Profits in a pandemic

Coronavirus Daily

Here's the latest news:

When the pandemic lifts the bottom line

U.S. health insurers find themselves in an awkward spot: They're profiting from the pandemic.

They're not trying to exploit the situation for a windfall, like price gougers selling medical masks. It's simply a consequence of their role in the health-care system. Employers, individuals and governments pay premiums to insurers, who then pay doctors, hospitals, pharmacies and other providers when their members get care.

But most people aren't seeing a doctor or going to the hospital right now. The drop-off in surgeries, office visits and regular, face-to-face health care nationwide has been swift and steep. It's more than offset the increased costs of treating Covid-19, which largely still haven't hit insurers.

As a result, none of the major U.S. health insurers have lowered their profit outlook for the year. They're emphasizing all they do for members, clinicians and employers in the pandemic, including covering members' share of costs for Covid-19 testing and treatment. And by law, they must rebate some premium money if claims costs fall far short of expectations.

Insurance companies, never high on Americans' list of favorite industries, are aware that booking big profits as a virus sweeps across a locked-down country isn't a great look. Especially when a substantial minority of the electorate recently voted for a candidate who basically wants to legislate them out of business.

Some are touting their own health-care delivery operations, technology to enable telehealth, and apps to monitor for Covid-19 symptoms. They describe themselves as health-services businesses, rather than using the I-word. And many do much more than the core function of pooling risk. But that business, at least for now, is looking pretty good.—John Tozzi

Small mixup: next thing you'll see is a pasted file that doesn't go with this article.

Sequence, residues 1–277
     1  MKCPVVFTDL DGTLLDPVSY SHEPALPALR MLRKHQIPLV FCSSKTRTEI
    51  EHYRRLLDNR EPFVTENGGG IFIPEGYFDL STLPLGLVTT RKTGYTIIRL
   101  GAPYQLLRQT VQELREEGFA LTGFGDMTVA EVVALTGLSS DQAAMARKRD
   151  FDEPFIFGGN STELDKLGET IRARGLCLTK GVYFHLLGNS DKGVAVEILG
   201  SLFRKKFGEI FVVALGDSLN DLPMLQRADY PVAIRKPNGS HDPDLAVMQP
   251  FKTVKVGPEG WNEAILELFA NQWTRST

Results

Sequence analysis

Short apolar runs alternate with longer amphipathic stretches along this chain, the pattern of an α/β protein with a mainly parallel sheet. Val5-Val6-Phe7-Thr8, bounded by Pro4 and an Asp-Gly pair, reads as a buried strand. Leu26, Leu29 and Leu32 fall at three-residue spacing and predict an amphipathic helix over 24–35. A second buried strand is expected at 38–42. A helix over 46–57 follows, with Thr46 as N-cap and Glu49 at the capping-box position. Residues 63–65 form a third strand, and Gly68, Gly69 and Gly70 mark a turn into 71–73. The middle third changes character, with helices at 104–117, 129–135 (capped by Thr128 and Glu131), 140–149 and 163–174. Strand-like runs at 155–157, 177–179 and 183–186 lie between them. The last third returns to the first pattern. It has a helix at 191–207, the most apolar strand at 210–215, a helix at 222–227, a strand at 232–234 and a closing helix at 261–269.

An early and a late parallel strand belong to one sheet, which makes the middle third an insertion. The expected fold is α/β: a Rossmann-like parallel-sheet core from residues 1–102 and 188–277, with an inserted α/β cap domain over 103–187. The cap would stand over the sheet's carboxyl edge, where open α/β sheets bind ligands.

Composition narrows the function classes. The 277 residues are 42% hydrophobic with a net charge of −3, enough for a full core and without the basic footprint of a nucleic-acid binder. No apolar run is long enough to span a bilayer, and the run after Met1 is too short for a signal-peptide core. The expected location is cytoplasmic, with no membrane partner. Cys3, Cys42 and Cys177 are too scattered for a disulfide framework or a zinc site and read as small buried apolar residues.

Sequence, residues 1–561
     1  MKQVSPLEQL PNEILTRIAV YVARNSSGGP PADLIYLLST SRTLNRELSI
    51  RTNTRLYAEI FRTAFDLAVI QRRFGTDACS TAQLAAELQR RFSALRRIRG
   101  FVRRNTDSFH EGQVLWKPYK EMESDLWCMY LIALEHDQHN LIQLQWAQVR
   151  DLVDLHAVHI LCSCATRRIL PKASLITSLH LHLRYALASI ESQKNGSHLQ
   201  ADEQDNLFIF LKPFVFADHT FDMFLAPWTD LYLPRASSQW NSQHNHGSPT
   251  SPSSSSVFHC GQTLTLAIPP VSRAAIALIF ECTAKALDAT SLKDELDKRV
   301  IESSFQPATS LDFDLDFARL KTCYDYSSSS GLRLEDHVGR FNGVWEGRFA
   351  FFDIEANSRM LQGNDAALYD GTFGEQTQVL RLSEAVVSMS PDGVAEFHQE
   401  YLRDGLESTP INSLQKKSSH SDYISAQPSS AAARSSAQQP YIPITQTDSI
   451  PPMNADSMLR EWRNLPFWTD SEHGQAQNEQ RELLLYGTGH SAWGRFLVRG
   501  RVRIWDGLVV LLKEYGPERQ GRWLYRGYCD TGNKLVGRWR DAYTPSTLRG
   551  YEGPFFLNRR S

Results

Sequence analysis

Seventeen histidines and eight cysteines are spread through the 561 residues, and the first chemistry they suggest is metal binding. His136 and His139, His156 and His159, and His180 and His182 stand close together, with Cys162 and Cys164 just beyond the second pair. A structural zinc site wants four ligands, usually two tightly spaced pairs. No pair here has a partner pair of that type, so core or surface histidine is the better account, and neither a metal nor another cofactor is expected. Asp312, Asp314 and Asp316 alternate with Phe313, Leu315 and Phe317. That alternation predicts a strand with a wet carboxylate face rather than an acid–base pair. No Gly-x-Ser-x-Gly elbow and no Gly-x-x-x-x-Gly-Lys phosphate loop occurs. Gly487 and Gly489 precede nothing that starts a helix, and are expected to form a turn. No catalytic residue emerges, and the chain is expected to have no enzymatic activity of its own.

Listen Up 

Latest Podcast: What Puts Patients at Risk 

Smoking and obesity are conditions that can lead to fatal results in Covid-19 patients. Bloomberg Senior Editor Jason Gale explains how these conditions have made the coronavirus more lethal in some countries.

Tune in today at 09:30 EDT: With the pandemic touching all facets of life, CEOs are juggling multiple top-level demands. Hear from Unilever CEO Alan Jope and Edelman founder and CEO Richard Edelman about how they're looking after their companies, employees, and customers. Register for Bloomberg Breakaway's virtual CEO town hall here

What you should read

Vaccine for 300 Million in 2020: Is It Possible?
J&J gearing up manufacturing for 2021 with Trump eyeing this year.
U.S. Airlifts PPE in Supply Push
Democrats seek details on cost from companies, White House.
Virus Likely to Leave Telltale Signs, Fauci Says
'Extremely unusual' if illness doesn't result in antibodies: Fauci.
Singapore Unveils New Measures as Cases Jump
More beds, medical help planned to reduce foreign worker cases.
Covid's Long-term Investor Pain is Clear
Indisputable takeaway from the crisis is a massive expansion in global debt.

Know someone else who would like this newsletter?  Have them sign up here.

Have any questions, concerns, or news tips on Covid-19 news? Get in touch or help us cover the story.

Like this newsletter? Subscribe for unlimited access to trusted, data-based journalism in 120 countries around the world and gain expert analysis from exclusive daily newsletters, The Bloomberg Open and The Bloomberg Close.


Popular posts from this blog

क्या आप अचानक मोटी हो गई हैं? जानें मोटापे का इमोशनल कनेक्शन (Are You Emotionally Overweight? Here Are 10 Easy Ways To Lose Weight Naturally)

An Awesome List of the Most Iconic Television Melodramas of All-Time